When I heard this month that we would be making our own puff pastry, I was worried. Normally when I need puff pastry I by block and roll it out (or sometimes even buy the pre-rolled versions) it’s so quick and easy. My knowledge of puff pastry was that it would be quite difficult – I don’t have a great track record with pastry at all.

However this is the whole reason as to why I signed up with the Daring Bakers to force me to try what I would never have bothered with before. This doesn’t mean however that I haven’t put this challenge off to the very last minute.


The September 2009 Daring Bakers’ challenge was hosted by Steph of A Whisk and a Spoon. She chose the French treat, Vols-au-Vent based on the Puff Pastry recipe by Michel Richard from the cookbook Baking With Julia by Dorie Greenspan.

I started making my puff pastry on Friday night, and it is a long and process but thankfully it is all mainly elapsed time. The main key to making the pastry is to keep it cold. So every step is followed by half an hour in the fridge, I have since realised that I really don’t think my fridge is cold enough. Half an hour just didn’t make much of a difference, when I left it for 6 hours it was much easier to work with.

The basic idea of puff pastry is to wrap a slab of butter in a dough, and roll it out so the butter is suspended within the dough. You then make turns, which is when you fold the pastry over itself and then re-roll. By doing this you end up with a dough that has within it hundreds of strands of butter all in parallel lines.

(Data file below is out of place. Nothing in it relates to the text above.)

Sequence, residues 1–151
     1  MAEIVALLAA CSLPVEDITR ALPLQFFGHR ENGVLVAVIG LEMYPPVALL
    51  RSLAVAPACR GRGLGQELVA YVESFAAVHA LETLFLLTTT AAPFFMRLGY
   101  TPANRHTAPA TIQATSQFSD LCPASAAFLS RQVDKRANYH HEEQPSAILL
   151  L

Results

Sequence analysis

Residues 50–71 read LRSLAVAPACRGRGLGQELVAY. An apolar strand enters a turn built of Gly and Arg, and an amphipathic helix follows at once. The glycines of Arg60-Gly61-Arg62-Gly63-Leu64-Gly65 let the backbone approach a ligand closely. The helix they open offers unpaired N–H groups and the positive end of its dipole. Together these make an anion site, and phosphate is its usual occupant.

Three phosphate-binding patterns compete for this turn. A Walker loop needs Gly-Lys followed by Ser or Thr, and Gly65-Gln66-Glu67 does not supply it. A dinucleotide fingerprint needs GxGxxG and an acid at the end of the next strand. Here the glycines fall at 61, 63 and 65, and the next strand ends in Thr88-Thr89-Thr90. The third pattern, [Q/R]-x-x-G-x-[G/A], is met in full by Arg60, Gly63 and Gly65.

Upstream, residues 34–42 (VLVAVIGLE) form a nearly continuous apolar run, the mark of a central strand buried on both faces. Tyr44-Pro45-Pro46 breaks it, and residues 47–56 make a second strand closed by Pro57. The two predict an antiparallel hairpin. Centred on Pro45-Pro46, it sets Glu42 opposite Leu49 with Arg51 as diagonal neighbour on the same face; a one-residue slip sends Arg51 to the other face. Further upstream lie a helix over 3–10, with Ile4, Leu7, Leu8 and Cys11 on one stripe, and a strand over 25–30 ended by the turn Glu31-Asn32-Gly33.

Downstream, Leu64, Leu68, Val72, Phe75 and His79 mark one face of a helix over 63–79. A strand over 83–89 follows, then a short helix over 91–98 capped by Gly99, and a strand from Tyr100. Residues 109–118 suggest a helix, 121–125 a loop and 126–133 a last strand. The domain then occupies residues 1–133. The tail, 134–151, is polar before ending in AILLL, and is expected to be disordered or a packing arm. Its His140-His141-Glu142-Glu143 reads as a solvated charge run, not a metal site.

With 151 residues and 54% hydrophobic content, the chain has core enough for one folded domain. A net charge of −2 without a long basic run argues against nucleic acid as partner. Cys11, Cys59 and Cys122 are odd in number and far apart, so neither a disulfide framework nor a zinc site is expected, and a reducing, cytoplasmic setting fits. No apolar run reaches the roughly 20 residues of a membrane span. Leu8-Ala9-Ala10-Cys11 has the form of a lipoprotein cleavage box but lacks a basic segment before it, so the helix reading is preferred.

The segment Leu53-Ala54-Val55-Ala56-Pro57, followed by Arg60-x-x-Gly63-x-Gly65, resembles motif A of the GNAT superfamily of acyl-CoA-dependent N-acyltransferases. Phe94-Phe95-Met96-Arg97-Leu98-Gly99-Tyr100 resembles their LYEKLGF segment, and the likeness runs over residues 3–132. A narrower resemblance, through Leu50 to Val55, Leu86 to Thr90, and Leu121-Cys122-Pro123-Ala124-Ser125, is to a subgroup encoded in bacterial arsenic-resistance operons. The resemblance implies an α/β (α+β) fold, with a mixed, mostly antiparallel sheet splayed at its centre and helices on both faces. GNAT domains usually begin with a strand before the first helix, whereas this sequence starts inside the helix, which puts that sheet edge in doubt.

The height your pastry puffs out to isn’t from any raising agent, but the steam created as the water and butter in the dough heats.


Making puff pastry was fun and I think I would definitely do it again, the buttery texture was amazing. However I don’t know if I would bother making vols-au-vents again. I did a couple of things that made this harder for myself than it needed to be.

Firstly I don’t have any cookie cutters, so I had to hand cut all my shapes, this made for some fairly rustic looking vols-au-vents. But it also meant I had to touch the dough a lot more.

Secondly since I had no cutters I had to use a knife, and the knife I used was fairly blunt. Instead of cutting the pastry, it pulled it and teared at it. It was only after getting totally annoyed with it and giving up, that things got any better, if you have real problems with the pastry leave it for as long as you possibly can to cool. Then try again (I left mine for 6 hours).

The problem with vol-au-vents is that they hold no prisoners. There is no where to hide when the pastry goes wrong and rises unevenly. Next time I make puff pastry I think I will make something that is supposed to look rustic. Like a galette.

This Daring Bakers was slightly different from the others I have taken part in, in that there is much more room to be creative, than with Mallows or Dobos Torta. The filling for the vols-au-vents was completely up to us.

I chose spiced apple and custard after a lot of deliberation (which I only finalised yesterday). I wanted something that would fit into the new Autumnal season, and apples seem perfect for autumn.

Apple pie and and custard is a fairly standard after dinner treat in my family, so adding custard to the vols-au-vents first would not only pair perfectly with the apple but also give the vols-au-vent a creamy filling.


The recipes I used for the Spiced Apple Sauce, custard and finally the vols-au-vents recipe.

While I probably won’t make vols-au-vents again, I probably will try more rustic approaches to apple pie in the future (as I have in the past) and hopefully this time I won’t reach for the frozen roll of pastry.